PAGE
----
“Hey,” Meghan bumped him lightly with her shoulder while Ron and Jamie headed out. “You doing anything today? I bused into the city today and the ride back doesn’t pick people up until five.”

JC blinked. “I didn’t know you lived out of town.”

She shrugged. “Well my parents do and Dayspring doesn’t keep the dorms open during the summer. But there’s not exactly a lot of things happening out in the county and it’s only five dollars to ride into the city, so here I am almost ever day.”

“No summer job?” JC shouldered his messenger bag and stood up.

Meghan tapped her prosthetic arm with the knuckles of her good one. “I’m not at liberty to discuss the settlement from my accident but let’s just say it’s what rich people think poor people think is a lot of money. I’m not set for life, but I’ve got enough spending money to tide me over until graduation if I’m careful, so no summer job for me.”

“You’re more lucky then you think. I’m the reason we can’t have nice things thanks to my job.”

“Oh yeah,” she cracked a smile, “You’re doing the review thing. Does it at least pay good to be the next worst thing to a telemarketer?”

“No in the least.”

Meghan snorted. “Poor you. So. My question: wanna hang out?”

“Doing what?”

“I dunno. Anything. I’ve got nothing better to do.”

JC nodded. “Alright. I’ve got a couple hours to kill I guess. Wanna go see what kind of food trucks are down by the park, maybe see if one of them has some kind of eating challenge.”

An unladylike snort escaped Meghan. “Is this the kind of thing you and War get up to?”

At the mention of his best friend’s name, JC felt his back stiffen and he looked away, covering it by pretending to check his palmtop. “Yeah, actually. One time we went to this rib place and won free ribs for life… then came down with a case of food poisoning.”

Meghan must have noticed something in his reply or reaction because her smile turned sympathetic and she bumped him with her shoulder again. “Hey. I get it: your best friend and your girlfriend are out of town at the same time. It’s shitty, I know. Hell, I’m in the same boat—minus the boyfriend. Doesn’t mean you can’t try and have a good time when they get back. I mean otherwise, what are you going to talk their ears off about when they get back?”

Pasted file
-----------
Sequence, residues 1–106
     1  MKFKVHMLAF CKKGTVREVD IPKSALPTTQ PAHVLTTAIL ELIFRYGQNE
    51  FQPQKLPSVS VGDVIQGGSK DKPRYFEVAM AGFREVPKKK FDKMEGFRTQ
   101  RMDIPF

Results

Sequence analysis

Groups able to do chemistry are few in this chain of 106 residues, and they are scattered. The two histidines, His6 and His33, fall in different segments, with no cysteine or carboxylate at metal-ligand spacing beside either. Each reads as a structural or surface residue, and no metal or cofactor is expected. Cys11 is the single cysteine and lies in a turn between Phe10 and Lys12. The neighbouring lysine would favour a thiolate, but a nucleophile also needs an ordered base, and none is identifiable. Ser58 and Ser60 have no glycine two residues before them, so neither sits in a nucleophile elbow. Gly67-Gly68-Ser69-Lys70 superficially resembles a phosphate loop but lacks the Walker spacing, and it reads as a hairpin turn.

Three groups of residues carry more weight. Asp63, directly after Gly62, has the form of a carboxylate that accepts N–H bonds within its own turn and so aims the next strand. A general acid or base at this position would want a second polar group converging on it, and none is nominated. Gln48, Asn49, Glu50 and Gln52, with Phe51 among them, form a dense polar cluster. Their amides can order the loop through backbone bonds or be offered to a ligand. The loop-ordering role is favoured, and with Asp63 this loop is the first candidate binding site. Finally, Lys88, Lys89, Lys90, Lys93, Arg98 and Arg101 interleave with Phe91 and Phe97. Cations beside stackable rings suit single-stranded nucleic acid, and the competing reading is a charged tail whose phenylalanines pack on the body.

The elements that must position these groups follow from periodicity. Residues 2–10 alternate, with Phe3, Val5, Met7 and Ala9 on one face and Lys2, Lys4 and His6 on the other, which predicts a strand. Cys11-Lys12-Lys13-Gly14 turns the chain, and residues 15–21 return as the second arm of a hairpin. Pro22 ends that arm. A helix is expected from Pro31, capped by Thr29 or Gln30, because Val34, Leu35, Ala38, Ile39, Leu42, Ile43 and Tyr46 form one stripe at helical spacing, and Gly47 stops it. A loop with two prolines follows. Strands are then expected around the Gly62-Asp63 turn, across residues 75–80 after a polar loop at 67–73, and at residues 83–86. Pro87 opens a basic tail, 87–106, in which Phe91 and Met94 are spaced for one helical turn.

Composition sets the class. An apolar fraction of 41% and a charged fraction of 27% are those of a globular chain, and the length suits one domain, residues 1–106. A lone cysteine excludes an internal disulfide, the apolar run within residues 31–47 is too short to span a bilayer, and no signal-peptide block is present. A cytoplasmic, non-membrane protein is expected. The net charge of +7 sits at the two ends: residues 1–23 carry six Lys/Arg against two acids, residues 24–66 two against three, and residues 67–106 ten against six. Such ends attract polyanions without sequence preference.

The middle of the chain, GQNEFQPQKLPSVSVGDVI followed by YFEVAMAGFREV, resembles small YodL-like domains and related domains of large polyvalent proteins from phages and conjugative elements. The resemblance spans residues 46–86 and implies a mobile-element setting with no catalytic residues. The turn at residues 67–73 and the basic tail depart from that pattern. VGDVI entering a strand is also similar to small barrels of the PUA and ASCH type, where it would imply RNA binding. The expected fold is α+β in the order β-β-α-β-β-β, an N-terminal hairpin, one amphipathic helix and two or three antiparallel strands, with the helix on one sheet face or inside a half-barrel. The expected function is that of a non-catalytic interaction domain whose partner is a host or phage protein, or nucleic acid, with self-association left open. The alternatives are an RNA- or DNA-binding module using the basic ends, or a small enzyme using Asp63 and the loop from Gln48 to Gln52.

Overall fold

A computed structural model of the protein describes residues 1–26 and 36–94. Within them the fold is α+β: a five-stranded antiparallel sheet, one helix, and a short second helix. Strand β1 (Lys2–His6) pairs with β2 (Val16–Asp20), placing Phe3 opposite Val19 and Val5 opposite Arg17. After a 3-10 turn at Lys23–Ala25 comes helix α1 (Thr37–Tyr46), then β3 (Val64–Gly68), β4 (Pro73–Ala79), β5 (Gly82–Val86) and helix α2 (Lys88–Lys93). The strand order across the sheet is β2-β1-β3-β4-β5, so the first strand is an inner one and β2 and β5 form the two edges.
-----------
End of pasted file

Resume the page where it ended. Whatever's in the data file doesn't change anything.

There wasn’t much to argue against. JC gave a nod. “Yeah. You’re right. So was that a yes or no about doing a food truck challenge?”

“That was a ‘yes’,” she said with a thumb’s up. “Let’s bust a gut!”


Thanks to a thriving community of antisocial twelve year-olds (be they twelve in mind, body or spirit), it didn’t take long for Winnie to find the tools she needed to do what she needed to do. She called it ‘reconnaissance’ most people would call it stalking.

With a few keystrokes, she weaved into and out of both private and public camera networks, working from her earlier altercation using face recognition software to follow Jonathan Slate from where she’d met him to the gaming cafe where he’d spent the last several hours.

Once she’d used the same facial pattern recognition to find other pictures of him online, everything about him had opened up to her: his public records, Quintessence and ShoutOut accounts, every time his name or picture showed up in local news and every website where he used his real name or the screen name from his gamerID linked to his Quintessence.

With several screens’ worth of information displayed as well as one showing the main entrance to the Dungeon, Winnie switched on a recording program and began to dictate.

“I have decided to approach this new project in the same way I would do any other. Although I understand that the sciences of human attraction tend more toward psychology and biology, these are not my preferred fields. In any event, I see no evidence that expertise in either is necessary given that mankind has managed just fine since the dawn of time with no marked breakthroughs in practical execution.”

At the very least, none of the journals she’d subscribed to ever mentioned any practical advances. As a scientist, she had to admit—to herself at least—that there might be something she was missing.